The Stars and Stripes also feature prominently in songs. Country-western songs tend to celebrate the flag and those who love it, while other styles may lean more toward expressing the sentiments the flag stands for; that is, freedom of expression. Several protest songs of the 1960s and 1970s reference the flag in lyrics or while being performed on stage, and the tradition continues today.
Art gives the flag a prominent place, sometimes to celebrate, sometimes to question. Many famous paintings have the flag as a significant element, if not the focal point.
One of the most famous paintings depicting the flag is Washington Crossing the Delaware, by Emanuel Leutze, painted in 1851.
A beautiful image, although with an inaccurate flag; the one shown here is a contemporary version that wasn’t designed at the time of the crossing. Still, there are many more artistic licenses taken with this subject, so we’ll let it slide.
The Surrender of General Cornwallis, by John Trumbull in 1820, seems to have a similar issue with its flag.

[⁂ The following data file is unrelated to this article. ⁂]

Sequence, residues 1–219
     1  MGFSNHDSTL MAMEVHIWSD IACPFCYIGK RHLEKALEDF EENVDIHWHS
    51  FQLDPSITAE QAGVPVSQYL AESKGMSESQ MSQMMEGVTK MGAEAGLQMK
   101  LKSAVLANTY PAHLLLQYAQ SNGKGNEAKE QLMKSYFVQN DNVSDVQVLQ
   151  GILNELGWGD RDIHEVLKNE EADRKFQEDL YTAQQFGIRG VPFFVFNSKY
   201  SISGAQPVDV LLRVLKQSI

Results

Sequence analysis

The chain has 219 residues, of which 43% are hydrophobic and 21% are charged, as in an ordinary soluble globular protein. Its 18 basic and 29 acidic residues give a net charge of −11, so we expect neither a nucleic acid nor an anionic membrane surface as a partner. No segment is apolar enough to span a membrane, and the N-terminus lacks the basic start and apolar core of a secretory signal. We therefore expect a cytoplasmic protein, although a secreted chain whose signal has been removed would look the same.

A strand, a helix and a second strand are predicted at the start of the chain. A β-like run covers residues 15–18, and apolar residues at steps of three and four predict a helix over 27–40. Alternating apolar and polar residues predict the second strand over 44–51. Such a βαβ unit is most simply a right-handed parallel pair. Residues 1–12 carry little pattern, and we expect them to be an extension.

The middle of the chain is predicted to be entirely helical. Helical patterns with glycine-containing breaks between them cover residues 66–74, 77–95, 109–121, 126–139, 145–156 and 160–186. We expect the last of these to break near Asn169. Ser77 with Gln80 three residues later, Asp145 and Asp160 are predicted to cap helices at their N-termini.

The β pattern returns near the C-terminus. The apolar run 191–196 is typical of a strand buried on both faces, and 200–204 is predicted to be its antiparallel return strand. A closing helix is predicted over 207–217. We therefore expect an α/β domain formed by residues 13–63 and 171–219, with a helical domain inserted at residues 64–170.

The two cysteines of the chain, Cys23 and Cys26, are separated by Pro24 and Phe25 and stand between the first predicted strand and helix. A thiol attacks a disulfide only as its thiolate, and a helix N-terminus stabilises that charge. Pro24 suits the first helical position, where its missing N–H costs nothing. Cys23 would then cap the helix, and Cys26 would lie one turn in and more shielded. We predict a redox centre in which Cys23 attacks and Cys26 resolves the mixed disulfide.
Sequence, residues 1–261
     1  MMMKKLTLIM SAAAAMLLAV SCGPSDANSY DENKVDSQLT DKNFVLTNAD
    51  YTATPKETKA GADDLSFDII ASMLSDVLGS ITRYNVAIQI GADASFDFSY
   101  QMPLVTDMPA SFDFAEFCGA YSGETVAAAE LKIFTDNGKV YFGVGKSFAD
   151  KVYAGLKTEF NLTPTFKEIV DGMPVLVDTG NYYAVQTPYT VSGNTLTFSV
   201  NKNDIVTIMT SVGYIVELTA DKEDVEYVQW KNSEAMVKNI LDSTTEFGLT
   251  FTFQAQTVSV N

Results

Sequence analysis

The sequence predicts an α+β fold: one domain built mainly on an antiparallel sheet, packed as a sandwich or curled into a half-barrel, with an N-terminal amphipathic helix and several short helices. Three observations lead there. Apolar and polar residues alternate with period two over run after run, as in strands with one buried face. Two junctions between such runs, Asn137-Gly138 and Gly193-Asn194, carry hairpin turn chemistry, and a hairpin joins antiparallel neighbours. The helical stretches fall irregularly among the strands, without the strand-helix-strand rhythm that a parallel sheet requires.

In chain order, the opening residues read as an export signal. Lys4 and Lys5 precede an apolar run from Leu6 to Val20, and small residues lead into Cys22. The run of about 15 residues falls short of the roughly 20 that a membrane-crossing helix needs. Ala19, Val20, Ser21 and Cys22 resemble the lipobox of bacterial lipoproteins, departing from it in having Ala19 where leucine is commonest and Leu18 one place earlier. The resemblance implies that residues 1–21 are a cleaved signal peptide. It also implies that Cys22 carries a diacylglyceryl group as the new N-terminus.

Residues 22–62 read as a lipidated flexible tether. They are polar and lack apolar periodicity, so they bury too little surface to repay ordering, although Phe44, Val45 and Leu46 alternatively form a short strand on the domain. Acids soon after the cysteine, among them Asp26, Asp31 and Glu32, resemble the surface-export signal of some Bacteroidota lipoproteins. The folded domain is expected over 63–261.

It looks like the same “Betsy Ross” style flag, but the star in the center verifies that it is actually the Cowpens flag, which was designed in 1781, before the war ended, so at least it has the advantage of being chronologically accurate.
Flagpoles are a popular way of incorporating art and a living flag.
The Marine Corps War Memorial in Arlington, Virginia is an iconic example of this. Based on the famous photograph of the Marines raising the flag on Mount Suribachi during the Battle of Iwo Jima in World War II, this massive installation sports a sixty-foot flagpole being planted by six thirty-two-foot tall Marines. It is one of a very few sites where the flag is flown twenty-four hours a day, per special order of President John F. Kennedy.
One of the most enduring places the flag has been utilized is in that quintessential American art form, the comic book.
Early comics were not at all shy about displaying the flag, perhaps unsurprisingly since they debuted largely around the beginning of World War II. Many of the early artists and writers of the new publications were immigrants from Europe, where they had witnessed Hitler’s rise to power, and they were eager to present their insights. Superman and Batman personally made a point to sell war bonds when they weren’t punching the Axis powers back across the ocean.
Or, in this case, hitting them with baseballs.
Of course, as mentioned previously, Captain America was literally wearing the flag’s colors and using its iconography, so he would definitely leap at the chance to knock Hitler on his backside, as seen on this comic cover.
from the Grand Comics Database
Yeah, that’s the stuff.